The ability to run Office should, in particular, make Surface with Windows 8 useful for building mobile applications that can take advantage of other Microsoft software. For example, SQL Server, with its analytic capabilities combined with Office, would be well suited for creating interactive dashboards and other mobile BI applications. Consequently, I think that Surface with Windows 8 is going to appeal considerably to corporate IT because of such capabilities.

Windows 8 has a number of enhanced security features. These include, for example, integrated anti-malware — a small footprint version of Windows Defender. Also featured is a touch-based secure login program, Picture Password, which operates when the user selects a picture by touching or swiping three times. The system then saves these swipes associated with the picture as the user’s password for use for future log-ins by the user.

Additional security features in the professional version of Windows 8 include Bitlocker, a full disk encryption solution, and the Applocker application control system. Applocker allows administrators to define policies for restricting (or allowing) end users from installing or using specific applications on their devices.

But where are the apps? While Google and Apple each offers hundreds of thousands of mobile apps for Android and iOS, respectively, Microsoft can only point to several thousand. However, Microsoft has been very aggressive when it comes to its app market strategy, paying developers thousands of dollars to create apps for its mobile environments. Also, keep in mind that a lot of Microsoft’s tablet efforts are geared toward companies seeking to develop custom mobile apps (i.e., corporate apps that blend proprietary technology and data) so, in some ways, the lack of large numbers of commercially available mobile apps is somewhat muted.

The biggest advantage that Microsoft has is that its software development, office productivity, database, and OS software heavily permeate the corporate world. Consequently, Microsoft has skewed its tablet strategy toward the enterprise. I am not suggesting that the company is giving up on the consumer tablet market. Rather, it appears to be setting itself up to take a long-term approach to grow its influence and position over time. We also can’t forget that Microsoft has a lot of partners that are introducing tablets based on Windows RT and Windows 8, which will further broaden the spread of Microsoft’s mobile technology among consumers and businesses alike.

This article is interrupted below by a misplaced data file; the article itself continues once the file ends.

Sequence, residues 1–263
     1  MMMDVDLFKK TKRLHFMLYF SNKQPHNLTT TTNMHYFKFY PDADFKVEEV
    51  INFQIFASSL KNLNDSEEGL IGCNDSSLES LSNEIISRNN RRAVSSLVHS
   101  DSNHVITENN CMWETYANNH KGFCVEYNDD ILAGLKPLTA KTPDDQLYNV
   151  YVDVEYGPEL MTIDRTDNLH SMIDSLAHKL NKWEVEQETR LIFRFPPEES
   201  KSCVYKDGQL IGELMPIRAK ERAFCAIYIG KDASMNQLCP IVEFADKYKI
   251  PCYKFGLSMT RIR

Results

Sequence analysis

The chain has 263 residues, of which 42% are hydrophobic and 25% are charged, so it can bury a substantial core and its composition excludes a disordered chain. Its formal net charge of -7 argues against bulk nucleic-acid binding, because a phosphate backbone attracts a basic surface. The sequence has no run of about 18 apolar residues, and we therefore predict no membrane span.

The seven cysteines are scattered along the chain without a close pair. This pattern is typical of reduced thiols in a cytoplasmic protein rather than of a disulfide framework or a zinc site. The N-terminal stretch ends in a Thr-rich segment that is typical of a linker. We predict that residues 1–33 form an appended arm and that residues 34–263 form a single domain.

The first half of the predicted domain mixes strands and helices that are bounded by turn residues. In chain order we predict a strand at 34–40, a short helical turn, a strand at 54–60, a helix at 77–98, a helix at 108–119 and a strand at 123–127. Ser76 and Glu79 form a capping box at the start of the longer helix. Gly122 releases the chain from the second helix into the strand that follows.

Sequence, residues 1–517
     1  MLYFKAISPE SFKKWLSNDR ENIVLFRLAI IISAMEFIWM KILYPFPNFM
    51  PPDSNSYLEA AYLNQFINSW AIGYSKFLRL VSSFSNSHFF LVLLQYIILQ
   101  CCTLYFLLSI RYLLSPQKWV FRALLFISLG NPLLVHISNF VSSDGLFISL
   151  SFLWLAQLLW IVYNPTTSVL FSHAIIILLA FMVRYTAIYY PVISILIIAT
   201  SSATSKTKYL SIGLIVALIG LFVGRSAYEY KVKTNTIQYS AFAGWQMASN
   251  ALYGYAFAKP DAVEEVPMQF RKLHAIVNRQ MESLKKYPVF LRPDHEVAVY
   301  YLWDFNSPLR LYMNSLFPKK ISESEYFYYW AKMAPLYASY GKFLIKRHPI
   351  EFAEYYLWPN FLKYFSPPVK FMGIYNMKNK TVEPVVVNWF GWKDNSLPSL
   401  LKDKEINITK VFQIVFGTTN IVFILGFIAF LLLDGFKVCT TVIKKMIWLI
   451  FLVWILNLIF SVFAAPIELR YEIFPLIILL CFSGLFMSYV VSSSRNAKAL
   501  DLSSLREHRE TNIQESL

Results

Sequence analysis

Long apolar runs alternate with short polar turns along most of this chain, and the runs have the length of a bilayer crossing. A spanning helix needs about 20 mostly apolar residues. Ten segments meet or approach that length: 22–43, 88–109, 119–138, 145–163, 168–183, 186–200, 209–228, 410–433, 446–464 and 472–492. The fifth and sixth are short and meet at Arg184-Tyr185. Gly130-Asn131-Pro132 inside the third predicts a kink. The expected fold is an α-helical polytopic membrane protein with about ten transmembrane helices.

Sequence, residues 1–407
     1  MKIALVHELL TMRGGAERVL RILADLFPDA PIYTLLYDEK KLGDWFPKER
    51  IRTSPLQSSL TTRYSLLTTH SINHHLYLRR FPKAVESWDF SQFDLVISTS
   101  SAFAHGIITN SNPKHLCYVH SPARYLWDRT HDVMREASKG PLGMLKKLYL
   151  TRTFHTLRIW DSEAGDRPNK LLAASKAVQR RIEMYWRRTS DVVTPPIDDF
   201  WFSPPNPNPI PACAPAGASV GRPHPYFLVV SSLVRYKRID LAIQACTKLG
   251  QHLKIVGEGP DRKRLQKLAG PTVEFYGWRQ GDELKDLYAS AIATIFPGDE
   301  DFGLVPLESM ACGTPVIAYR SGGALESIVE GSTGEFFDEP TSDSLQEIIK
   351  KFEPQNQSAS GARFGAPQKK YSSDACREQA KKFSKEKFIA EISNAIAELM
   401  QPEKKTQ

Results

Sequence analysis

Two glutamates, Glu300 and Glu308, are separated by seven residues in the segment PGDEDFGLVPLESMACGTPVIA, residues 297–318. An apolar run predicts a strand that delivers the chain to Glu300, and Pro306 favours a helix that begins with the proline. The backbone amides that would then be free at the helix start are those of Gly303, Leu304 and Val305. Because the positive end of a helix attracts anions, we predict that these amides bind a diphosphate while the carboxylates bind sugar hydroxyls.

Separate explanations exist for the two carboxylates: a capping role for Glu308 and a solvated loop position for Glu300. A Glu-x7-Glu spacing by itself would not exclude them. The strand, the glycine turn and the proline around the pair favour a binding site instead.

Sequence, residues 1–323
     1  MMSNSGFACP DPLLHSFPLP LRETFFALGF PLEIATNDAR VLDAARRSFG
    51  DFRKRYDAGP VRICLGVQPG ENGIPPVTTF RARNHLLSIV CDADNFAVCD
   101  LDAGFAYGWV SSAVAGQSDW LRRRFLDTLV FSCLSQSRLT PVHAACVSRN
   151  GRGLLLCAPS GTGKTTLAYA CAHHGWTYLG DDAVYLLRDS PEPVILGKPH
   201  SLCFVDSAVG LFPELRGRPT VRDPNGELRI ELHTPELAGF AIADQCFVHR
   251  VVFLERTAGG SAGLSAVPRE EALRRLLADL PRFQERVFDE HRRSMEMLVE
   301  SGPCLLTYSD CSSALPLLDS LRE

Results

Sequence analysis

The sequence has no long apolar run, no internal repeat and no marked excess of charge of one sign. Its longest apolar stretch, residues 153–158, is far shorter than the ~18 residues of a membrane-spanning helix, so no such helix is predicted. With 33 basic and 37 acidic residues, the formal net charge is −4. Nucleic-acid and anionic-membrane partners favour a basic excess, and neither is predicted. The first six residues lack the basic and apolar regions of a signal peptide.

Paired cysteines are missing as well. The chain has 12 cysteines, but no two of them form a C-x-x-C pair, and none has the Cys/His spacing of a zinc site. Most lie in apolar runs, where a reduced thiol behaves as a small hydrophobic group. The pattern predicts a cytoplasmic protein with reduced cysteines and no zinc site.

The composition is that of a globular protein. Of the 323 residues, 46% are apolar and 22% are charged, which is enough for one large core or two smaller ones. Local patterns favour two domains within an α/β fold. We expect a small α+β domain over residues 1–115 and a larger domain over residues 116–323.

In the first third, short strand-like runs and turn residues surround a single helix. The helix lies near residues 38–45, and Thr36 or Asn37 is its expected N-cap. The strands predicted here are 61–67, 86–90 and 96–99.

This is my impression of what I see happening with Microsoft’s tablet strategy. However, I would really like to hear your opinion. In particular, is your organization considering using Microsoft tablets?

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Curt Hall

Curt Hall is a Senior Consultant with Cutter Consortium's Data Insight & Social BI and Business & Enterprise Architecture practices. His expertise includes BI, data warehousing, data mining, and other analytical technologies and products.

Discussion

  2 Responses to “On the Surface: Is There a Winning Strategy for Microsoft?”

  1. Hi Curt, I totally agree, Microsoft have advantages againts competitors.

    But no 4G nowadays is a great failure. It converts a a tablet in a nice laptop. People want to feel the freedom of mobile comms not other laptop.

    • Hi Xavier, I agree with you. But many people do seem to want “another” laptop: I often see people using their tablet with an add-on keyboard, which in effect turns the tablet into a a super lightweight notebook.